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Ex-Man City right-back Richards: ‘Milner can play until he's 40.'

Tue 12 January 2021 | 13:01

Ex-Manchester City teammate of the former England international thinks the resilient 35-year-old can stay on top form for a few extra years.

Micah Richards says James Milner is "like Zlatan Ibrahimovic," with a previous colleague of the adaptable Liverpool star seeing no reason behind why he can't play top-flight football into his 40s. 

Just a determined handful have accomplished that milestone, with it uncommon for outfield players to pass that mark. 

Players like Teddy Sheringham and Ryan Giggs have been such athletes previously, and it very well may be that Milner remains close by them at some stage later on. 

He is 35 years old yet is giving no indication of backing down and staying one of the

Premier League

's top performers. 

Having cared for himself across a gainful profession to date – one that has conveyed trophy wins at

Manchester City

and

Liverpool

– there are many clues to accept that Milner can stay at the top for quite a while yet. 

Richards assumes that to be true and said:

“Whenever I'm asked about the level of professionalism every player should aspire to, I use him as the example. He doesn't drink alcohol and he is probably fitter now than I was in my prime.

“There's no sign of him stopping, either. He left City for Liverpool in 2015 for more game time, and he still has that hunger.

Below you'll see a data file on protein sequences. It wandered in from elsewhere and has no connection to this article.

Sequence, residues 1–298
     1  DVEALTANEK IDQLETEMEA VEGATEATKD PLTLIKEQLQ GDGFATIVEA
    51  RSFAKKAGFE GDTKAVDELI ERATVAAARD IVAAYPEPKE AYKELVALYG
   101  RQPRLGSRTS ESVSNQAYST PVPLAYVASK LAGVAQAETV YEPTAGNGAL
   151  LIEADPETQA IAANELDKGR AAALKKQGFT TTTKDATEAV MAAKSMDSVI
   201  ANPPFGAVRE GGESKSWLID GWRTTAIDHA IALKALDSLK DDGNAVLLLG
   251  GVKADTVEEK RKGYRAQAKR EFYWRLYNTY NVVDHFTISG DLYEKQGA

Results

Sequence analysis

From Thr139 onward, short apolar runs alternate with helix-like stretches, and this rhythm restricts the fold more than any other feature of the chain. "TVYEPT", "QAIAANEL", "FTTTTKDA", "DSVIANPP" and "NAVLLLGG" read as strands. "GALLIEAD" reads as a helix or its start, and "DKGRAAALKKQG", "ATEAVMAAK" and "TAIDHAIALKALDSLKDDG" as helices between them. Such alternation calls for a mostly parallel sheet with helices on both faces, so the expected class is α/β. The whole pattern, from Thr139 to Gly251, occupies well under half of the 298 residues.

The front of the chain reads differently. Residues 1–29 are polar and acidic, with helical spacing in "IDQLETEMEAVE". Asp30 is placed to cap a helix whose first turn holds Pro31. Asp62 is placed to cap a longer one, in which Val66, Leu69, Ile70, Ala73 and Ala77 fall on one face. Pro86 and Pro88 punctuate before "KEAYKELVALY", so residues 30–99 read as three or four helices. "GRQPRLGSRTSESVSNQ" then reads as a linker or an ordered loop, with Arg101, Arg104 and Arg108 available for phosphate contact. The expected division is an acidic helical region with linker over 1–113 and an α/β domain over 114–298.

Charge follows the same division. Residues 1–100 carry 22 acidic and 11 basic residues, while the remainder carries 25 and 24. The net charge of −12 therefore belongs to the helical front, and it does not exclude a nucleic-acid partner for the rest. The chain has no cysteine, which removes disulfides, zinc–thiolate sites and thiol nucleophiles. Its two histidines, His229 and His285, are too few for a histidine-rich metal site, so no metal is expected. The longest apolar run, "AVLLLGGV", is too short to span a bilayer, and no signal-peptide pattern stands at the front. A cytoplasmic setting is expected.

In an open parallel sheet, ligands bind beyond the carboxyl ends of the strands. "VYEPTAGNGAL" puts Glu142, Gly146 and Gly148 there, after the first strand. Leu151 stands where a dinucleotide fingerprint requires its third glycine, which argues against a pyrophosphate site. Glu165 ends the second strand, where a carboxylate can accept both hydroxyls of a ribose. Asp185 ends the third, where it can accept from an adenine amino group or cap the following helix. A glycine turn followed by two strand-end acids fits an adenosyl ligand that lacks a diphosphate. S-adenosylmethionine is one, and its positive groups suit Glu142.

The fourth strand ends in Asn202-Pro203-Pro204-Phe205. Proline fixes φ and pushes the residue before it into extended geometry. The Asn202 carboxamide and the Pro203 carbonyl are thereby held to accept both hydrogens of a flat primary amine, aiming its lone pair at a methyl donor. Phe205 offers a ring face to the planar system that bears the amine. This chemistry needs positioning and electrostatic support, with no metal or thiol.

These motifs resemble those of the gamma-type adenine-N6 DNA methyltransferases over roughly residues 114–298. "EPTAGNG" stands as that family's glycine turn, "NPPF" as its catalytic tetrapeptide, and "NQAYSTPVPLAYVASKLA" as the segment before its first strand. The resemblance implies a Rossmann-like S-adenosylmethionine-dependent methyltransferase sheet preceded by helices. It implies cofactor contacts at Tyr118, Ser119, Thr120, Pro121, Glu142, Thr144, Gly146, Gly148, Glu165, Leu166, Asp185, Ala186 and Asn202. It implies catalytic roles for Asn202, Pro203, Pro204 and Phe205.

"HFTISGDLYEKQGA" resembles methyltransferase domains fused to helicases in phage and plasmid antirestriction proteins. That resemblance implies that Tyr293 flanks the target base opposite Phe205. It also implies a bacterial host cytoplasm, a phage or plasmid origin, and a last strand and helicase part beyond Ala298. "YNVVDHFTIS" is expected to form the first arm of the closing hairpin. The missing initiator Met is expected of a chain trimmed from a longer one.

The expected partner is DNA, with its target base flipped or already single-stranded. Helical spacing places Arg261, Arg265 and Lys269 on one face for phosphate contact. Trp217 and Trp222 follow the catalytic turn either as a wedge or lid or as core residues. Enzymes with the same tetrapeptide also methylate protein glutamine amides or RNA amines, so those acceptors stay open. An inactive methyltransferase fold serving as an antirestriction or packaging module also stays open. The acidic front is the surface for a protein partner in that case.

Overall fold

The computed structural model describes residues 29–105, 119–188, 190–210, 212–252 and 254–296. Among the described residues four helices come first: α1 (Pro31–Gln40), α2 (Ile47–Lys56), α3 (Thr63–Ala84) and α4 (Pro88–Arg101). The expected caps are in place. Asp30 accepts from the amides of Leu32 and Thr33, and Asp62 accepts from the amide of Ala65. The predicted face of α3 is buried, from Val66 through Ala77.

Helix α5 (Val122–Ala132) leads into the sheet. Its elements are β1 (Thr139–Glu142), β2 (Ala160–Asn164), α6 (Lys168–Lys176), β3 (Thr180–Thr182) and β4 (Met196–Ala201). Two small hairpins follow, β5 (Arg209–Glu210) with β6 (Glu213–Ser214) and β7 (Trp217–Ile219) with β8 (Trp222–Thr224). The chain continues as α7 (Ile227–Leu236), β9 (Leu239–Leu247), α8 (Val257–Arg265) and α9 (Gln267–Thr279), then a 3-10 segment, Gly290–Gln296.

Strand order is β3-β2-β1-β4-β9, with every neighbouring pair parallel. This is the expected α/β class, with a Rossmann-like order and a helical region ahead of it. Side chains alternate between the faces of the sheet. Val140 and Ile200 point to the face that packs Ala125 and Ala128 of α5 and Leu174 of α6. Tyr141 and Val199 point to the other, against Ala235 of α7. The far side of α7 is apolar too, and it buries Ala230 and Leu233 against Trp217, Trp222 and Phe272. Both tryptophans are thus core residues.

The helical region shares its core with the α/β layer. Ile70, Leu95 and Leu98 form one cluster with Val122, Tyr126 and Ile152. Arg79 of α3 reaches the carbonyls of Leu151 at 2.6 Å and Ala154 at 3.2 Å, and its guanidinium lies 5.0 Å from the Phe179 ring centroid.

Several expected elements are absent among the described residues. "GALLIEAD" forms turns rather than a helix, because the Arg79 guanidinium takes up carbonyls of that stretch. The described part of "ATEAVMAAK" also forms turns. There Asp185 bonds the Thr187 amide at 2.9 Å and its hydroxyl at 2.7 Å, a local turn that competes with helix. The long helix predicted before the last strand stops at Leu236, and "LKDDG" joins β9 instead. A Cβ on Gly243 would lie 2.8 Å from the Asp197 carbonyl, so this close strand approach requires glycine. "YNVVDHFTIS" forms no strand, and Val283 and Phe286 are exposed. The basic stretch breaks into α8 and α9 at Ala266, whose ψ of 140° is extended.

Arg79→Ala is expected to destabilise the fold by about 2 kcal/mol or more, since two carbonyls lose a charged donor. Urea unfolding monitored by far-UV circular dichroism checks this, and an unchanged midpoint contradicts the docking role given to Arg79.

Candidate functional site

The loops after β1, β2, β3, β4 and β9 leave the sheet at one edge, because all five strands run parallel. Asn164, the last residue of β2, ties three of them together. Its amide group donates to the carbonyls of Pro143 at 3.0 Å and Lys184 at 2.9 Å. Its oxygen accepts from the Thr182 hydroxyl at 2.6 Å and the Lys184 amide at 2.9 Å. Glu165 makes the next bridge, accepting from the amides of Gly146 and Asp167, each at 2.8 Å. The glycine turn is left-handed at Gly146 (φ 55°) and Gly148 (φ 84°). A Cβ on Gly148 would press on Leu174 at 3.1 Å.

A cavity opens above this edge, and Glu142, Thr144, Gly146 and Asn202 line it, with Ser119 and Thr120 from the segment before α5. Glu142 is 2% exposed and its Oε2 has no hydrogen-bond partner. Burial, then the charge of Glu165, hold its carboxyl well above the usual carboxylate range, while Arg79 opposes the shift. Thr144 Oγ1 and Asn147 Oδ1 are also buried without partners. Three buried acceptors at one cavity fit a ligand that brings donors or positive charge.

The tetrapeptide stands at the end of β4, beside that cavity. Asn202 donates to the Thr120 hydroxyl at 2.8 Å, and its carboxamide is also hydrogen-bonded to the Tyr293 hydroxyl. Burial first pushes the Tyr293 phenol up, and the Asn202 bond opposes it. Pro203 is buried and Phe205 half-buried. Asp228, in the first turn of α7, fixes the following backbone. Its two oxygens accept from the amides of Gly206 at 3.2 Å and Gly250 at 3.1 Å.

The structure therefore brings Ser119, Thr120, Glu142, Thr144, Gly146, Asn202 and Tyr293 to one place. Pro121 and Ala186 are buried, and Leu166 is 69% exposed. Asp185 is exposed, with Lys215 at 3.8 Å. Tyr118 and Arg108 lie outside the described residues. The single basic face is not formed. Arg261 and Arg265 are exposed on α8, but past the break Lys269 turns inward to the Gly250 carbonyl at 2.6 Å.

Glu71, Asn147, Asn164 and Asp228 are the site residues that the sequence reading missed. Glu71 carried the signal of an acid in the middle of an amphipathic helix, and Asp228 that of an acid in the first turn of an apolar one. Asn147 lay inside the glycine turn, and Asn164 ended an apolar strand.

“Like Zlatan Ibrahimovic, he is one of those players who can just keep on going. I honestly think Milner could still be playing in the Premier League aged 40, if he wants to.

“His mindset is astonishing; he never has a day off. Out of everything I've said, it is that character and experience that will really make the difference for Liverpool with what they are going through now.

“We won the Premier League together at City in 2012 but there were times that season when things were not going well. He was one of the people who kept everyone going.

“He wouldn't let us get super-excited when we were on a winning run, but he also wouldn't let us get too low when we were losing games and losing ground in what was a very tight title race.

“It was the way he did it too - not by shouting and bawling but by giving you proper information about what you were doing right or wrong.

“As well as what he says, he leads by example in every way. I know he's had a few little niggling injuries recently, but he's still as fit as ever. And that is not down to luck - it is because of hard work and his total dedication to his career since he made his Premier League debut for Leeds in 2002, aged 16.”

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